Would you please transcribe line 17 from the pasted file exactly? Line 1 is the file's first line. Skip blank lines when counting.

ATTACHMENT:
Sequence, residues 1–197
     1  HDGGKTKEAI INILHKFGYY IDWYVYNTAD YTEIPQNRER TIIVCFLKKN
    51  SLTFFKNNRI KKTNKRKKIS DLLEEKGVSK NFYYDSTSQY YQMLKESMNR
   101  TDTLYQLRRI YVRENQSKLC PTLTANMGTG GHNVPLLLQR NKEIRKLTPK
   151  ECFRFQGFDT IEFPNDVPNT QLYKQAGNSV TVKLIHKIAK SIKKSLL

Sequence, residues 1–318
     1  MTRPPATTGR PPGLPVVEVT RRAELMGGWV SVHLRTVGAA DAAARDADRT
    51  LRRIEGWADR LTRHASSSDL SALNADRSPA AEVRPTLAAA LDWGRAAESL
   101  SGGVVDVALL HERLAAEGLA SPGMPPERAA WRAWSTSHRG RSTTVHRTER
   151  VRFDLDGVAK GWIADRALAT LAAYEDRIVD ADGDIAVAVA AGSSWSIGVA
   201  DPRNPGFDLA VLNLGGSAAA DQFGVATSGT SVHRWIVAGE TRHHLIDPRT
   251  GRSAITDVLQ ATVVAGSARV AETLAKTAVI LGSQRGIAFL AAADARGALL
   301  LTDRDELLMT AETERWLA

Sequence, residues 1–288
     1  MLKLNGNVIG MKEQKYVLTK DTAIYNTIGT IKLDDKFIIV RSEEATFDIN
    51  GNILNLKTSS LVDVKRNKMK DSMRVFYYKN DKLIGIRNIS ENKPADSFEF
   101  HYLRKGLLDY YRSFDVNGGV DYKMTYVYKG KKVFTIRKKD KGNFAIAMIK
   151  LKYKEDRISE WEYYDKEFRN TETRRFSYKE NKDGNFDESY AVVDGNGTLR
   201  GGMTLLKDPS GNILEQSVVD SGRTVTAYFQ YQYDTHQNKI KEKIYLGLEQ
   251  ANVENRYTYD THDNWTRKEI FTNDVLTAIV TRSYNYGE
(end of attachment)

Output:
   101  HYLRKGLLDY YRSFDVNGGV DYKMTYVYKG KKVFTIRKKD KGNFAIAMIK